"Just go," he choked and turned away from her. He headed to the piano bench on the other side of the room, hiding his tears.

Christine watched him, dreading what might happen next. She had half a mind to walk out...but she convinced herself to stay. It had to be said. It had to be done.

"Why are you still here?" he croaked, looking back slightly at her and sinking onto the piano bench. He leaned on the closed piano. "Please, just leave me. Forgive me for having handled you so violently, but please...please, just go. Will you grant me, monster though I am, that decency, that dignity? You don't want to have anything to do with me."

Christine looked sorrowfully on him, took a deep breath and exhaled slowly.

"Erik, you're wrong," she said softly.

"Right," he scoffed, his gentle voice cracking. "Don't lie to me, Christine."

She took another deep breath, her heart pounding. She felt her hands shaking.

"You're wrong in every way, every way possible. Erik..." She reached into her purse and pulled out a white rose. A rose was a familiar gift of his to her, though it was always a red rose. She then hesitated, but then gently placed it on the piano in front of him. He lifted up his head and frowned at the rose, gently looking up to her for an explanation.

"Christine, I don't--"

She then gently bent down to him and kissed his forehead.

"Erik, you're wrong."

Erik paused and looked to her, his eyes full of tears and confused hope.

"You still haven't explained... why..."

Christine paused and bit her lip. She couldn't believe she was doing this, but it had to be done.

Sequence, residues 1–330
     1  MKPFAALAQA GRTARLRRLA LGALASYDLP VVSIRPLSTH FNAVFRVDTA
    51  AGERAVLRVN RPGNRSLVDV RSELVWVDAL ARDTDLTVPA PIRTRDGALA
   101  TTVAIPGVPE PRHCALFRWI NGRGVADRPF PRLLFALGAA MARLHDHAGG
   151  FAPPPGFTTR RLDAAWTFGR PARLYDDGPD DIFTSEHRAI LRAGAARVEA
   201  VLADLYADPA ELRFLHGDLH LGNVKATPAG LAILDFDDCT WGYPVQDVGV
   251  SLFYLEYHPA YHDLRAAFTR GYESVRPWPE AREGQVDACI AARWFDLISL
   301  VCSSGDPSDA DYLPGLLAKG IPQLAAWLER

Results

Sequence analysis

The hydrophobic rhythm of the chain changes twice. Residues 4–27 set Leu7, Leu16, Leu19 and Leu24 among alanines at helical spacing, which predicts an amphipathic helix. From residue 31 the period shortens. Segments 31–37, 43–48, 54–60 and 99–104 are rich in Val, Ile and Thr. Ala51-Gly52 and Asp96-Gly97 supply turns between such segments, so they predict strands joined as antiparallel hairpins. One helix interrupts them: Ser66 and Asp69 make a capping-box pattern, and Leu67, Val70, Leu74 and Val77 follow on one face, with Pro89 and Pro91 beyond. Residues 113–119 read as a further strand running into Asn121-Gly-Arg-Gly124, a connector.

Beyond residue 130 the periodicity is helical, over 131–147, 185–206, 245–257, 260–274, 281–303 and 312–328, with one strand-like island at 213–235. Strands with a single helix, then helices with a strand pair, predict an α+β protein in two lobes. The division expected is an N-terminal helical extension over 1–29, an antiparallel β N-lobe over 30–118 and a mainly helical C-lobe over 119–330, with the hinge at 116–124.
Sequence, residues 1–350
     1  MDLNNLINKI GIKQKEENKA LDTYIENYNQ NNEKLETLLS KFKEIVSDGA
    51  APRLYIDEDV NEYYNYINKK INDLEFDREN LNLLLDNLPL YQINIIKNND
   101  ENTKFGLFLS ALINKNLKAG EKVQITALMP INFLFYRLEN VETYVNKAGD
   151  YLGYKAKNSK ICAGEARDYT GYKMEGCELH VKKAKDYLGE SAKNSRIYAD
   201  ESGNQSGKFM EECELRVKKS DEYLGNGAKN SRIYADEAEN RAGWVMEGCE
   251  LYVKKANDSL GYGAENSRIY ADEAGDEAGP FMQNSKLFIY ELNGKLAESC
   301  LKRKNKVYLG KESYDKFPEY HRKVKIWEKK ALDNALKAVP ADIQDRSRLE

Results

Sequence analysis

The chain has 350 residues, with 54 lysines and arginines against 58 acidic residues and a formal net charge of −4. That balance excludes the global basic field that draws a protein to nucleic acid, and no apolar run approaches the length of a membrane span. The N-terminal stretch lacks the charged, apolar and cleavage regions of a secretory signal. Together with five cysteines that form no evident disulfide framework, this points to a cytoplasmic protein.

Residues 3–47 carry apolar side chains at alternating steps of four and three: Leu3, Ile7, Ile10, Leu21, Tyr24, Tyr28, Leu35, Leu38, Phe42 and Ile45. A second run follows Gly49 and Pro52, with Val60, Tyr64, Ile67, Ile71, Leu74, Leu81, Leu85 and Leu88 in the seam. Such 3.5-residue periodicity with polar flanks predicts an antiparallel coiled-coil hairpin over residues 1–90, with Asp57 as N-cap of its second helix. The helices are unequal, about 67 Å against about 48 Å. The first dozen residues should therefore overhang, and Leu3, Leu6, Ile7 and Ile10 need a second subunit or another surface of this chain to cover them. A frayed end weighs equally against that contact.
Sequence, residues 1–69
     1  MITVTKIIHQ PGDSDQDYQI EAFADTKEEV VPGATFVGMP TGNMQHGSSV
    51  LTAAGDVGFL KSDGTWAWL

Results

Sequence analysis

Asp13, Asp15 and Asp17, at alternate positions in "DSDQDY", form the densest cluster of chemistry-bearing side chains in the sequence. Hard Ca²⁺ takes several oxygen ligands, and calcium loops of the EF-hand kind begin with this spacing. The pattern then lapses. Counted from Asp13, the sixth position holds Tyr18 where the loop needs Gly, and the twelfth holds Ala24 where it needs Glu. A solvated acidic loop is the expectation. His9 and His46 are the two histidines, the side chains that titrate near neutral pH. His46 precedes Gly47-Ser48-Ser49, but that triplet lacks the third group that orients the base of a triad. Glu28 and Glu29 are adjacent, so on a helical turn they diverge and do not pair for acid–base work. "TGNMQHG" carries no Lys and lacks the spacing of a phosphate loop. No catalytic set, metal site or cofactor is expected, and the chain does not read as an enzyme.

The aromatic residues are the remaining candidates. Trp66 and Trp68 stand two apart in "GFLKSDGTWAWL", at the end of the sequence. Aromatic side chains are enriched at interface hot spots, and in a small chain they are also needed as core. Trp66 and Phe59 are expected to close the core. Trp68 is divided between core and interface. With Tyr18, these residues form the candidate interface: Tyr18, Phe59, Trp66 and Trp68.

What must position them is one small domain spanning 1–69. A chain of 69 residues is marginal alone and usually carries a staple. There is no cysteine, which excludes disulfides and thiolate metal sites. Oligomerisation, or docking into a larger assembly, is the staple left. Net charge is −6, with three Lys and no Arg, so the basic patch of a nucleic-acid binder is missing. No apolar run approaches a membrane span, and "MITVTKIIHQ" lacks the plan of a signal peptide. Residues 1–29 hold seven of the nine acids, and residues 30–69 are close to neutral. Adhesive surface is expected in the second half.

"You may have let me go..." she almost couldn't finish "...but I have not let you go."

Erik turned to her completely and studied her, his eyes burning with hope.


She looked into his eyes and her heart pounded. She put her quivering hand on his pale and cold cheek. He hesitantly moved his hand to hers and held it, ever so gently, in a daze. She breathed deeply again.

"Erik... I... I..." she quickly looked down, but looked back up, trying to be resolute. "I'm not getting married to him. If I did, I would be miserable. This I know for sure."

Erik heard the words, and his mouth hung agape. She looked down, feeling herself turn red.

"Christine... what are you getting at? What are you saying?"

She couldn't bring herself to say what she truly meant, biting her lip. She instead said simply, "There is hope for you, Erik. If you still... if you still wanted to know me, then consider yourself...consider yourself loved. As a friend, mind you, but loved... and there is hope for you, Erik, hope."

She looked into his stunned eyes, and then she kissed him on the forehead, holding his hand.

"And don't you forget that," she said deeply and almost raggedly. She looked into his eyes again, his eyes that were softened and adoring. She kissed him again, tenderly, and then let go of his grip, which felt firm, but truly was soft.

"I must go now," Christine said, fumbling around with her purse a little, a tad skewed, "but, if you wish, I can be back here tomorrow... or you can call me, and we can go somewhere... I haven't yet been to that new coffee shop that opened on 5th Street."

Erik looked at her, stunned. "Yes," he said, "yes. That's fine."

Christine smiled, feeling awkward as she did, and headed to the door, her hand shaking and unsteady as she fumbled for the knob.

"Christine... I love you."

Christine paused as her senses tingled and burned.

"You know what, Erik," she said, softly, looking to him, "perhaps I love you, too, but... but it is too soon to tell, to say for sure."

The two looked at each other for a brief moment, and then Christine opened the door and left. Erik finally stood, and held the rose in his hand. He held it close to his heart.

"She loves me," he whispered to himself in the silence, incredulously. "She loves me."